Business / Corporate

Toyota to adapt car sales strategy amid trend toward vehicle sharing

Kyodo

Toyota Motor Corp. will overhaul its long-held market segmentation sales strategy in Japan, with plans to sell all models at its stores by the mid-2020s, sources said Thursday.

The revamped marketing approach, according to the sources, comes as the company moves to streamline operations in a shrinking domestic market affected by the spread of vehicle sharing.

Under the current strategy, which has continued for more than half a century, Toyota’s domestic sales are essentially handled by four dealership chains — Toyota, Corolla, Netz and Toyopet — each catering to different segments of the market.

The upscale Lexus brand has been sold separately, and will continue to retain its own network. The auto giant also plans to drastically cut the number of vehicle models it sells in the domestic market from the current 60, the sources said.

The move follows similar efforts by Nissan Motor Co. and Honda Motor Co. to unify dealerships. Japan’s declining population and the rise of car-sharing have compelled automakers to reduce development and sales costs.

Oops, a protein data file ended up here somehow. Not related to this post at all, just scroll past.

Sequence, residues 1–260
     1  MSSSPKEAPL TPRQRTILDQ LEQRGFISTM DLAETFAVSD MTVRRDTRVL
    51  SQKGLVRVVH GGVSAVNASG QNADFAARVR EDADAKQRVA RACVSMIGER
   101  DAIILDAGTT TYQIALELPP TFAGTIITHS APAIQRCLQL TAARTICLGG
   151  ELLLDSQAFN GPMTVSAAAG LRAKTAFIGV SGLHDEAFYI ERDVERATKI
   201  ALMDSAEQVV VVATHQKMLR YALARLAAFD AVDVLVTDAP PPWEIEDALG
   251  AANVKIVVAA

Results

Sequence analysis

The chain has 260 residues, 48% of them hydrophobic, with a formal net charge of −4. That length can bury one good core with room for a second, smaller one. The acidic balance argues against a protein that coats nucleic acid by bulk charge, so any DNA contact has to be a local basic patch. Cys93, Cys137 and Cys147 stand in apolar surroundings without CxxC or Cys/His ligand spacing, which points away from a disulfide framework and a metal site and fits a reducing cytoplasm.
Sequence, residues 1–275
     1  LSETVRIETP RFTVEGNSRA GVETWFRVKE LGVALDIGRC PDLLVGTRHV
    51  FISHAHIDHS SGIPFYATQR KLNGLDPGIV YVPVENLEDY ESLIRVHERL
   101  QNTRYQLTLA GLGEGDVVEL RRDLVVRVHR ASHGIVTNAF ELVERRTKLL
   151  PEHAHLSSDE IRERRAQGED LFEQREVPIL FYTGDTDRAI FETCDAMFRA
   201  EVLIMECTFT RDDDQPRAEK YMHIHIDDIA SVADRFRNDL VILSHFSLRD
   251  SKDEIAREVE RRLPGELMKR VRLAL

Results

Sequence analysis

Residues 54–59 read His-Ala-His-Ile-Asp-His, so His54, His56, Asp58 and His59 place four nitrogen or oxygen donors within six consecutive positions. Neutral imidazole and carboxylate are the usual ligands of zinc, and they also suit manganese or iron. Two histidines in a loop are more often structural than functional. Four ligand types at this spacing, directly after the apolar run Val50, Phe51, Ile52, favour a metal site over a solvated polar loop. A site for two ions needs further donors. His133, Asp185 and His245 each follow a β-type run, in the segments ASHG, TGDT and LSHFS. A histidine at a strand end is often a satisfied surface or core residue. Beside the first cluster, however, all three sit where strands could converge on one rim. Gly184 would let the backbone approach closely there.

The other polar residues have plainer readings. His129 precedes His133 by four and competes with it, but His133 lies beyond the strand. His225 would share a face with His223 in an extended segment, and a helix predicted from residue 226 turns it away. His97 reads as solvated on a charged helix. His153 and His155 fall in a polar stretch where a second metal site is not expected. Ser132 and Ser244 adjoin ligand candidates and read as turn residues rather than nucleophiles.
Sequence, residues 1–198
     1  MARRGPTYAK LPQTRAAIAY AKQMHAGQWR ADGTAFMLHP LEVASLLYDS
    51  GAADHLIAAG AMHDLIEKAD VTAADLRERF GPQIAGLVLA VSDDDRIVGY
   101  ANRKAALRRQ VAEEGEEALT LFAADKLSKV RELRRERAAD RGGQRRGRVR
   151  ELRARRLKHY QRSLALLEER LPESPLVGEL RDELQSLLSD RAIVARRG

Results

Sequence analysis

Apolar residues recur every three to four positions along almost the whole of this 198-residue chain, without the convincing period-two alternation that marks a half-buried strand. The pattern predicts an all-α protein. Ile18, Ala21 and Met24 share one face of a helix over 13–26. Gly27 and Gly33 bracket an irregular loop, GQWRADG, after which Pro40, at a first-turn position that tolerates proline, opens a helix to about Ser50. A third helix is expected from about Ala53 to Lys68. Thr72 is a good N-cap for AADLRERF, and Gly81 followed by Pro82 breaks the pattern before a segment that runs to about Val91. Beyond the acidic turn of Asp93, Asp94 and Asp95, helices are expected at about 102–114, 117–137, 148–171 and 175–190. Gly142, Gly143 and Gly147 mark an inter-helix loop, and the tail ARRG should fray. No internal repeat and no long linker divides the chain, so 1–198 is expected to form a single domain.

Toyota aims to establish a business model that does not solely rely on new car sales, but instead has it entering the car-sharing business and developing services based on local communities.

There are about 280 Toyota sales companies across Japan. More than 90 percent of them are managed by local businesses rather than being directly operated by the auto giant.

Among Toyota’s dealership chains, Toyota sells pricier vehicles and Corolla offers mass-market models, while “Netz” and “Toyopet” focus on younger drivers.

In reducing the number of models, Toyota plans to integrate vehicles that have a common engine and chassis but are sold under different names and designs, the sources said.

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